“On the grounds that.” You are not a lawyer. This is not a trial. Use “because.”
“In light of the fact that.” This is matter-of-fact’s second cousin once removed and should be.
“After all is said and done.” Just complete the thought without the fluff.
“In conclusion.” We can see that the article is ending. There is no need to telegraph your final paragraph. Wrap it up.
Did you know?
If the fact is germane to your article, state it. Some readers may know the fact, some may not. There is no reason to quiz your audience. You’re writing an article, not hosting a game show. “Did you know…?” is a useless question. Many writers think that this emphasizes what follows. In reality, it softens the blow and detracts from the impact of the point.
To tell the truth
Akin to this mistake is using “honestly.” There is a subtle implication that everything up to this point was a lie. Good writing is authoritative. Do not plant doubt in your reader’s mind.
I confess to being an abuser of these words. They are usually extraneous especially at the beginning of a sentence. These words are dangerously close to “to tell the truth.”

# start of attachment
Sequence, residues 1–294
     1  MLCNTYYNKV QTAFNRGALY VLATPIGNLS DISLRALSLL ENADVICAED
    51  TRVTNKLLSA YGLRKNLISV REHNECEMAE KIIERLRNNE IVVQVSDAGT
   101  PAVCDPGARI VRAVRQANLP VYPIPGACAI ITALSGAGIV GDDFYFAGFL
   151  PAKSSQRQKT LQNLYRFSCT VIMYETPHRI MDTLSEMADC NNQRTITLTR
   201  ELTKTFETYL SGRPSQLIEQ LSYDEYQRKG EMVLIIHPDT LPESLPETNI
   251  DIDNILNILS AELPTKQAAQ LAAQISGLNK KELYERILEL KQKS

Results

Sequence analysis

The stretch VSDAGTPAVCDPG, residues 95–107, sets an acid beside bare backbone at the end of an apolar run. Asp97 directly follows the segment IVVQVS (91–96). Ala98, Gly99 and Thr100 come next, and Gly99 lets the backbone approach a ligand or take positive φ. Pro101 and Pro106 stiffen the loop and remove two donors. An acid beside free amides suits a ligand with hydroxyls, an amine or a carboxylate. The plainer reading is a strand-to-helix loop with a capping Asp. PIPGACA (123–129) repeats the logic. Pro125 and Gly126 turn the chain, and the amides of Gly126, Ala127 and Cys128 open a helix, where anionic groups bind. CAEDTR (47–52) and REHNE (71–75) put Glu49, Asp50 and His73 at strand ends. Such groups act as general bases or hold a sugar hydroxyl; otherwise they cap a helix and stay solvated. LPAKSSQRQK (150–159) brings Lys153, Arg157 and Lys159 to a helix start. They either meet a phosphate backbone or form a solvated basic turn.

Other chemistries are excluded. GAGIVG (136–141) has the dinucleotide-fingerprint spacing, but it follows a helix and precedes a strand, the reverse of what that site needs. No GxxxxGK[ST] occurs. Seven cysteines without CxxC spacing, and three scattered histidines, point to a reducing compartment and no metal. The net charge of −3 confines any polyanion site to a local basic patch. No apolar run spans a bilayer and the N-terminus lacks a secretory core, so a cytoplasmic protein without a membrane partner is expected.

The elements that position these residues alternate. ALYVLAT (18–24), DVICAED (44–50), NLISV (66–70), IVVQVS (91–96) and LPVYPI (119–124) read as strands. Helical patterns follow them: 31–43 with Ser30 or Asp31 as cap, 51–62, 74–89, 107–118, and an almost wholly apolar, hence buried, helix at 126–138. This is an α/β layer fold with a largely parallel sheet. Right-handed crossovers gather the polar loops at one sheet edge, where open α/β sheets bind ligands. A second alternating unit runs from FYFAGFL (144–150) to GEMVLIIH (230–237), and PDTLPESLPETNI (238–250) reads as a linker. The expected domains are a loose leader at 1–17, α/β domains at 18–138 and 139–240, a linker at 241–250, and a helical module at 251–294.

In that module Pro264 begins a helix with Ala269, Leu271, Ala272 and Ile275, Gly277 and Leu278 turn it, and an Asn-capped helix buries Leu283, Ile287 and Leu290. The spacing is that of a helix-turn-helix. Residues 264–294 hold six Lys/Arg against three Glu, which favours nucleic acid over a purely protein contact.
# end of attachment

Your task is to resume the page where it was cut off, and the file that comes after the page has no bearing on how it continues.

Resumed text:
Needless to say
Then why are you saying it? Choose your words carefully. There is no need to write something if it is clearly implied. If the point is not self-evident, it is your job to re-phase it. If the point is obvious, let it stand. Do not preface it with “It goes without saying” and contradict yourself with the next phrase.
Before we get started
It is called a preface. A preface belongs in a book not a short article. Your article starts with the first typed character. You have lost your reader if your first paragraph does not grab them and state your primary topic. Articles requiring a set-up should be done briefly. Setting off the introduction in italics is acceptable assuming you forego this phrase.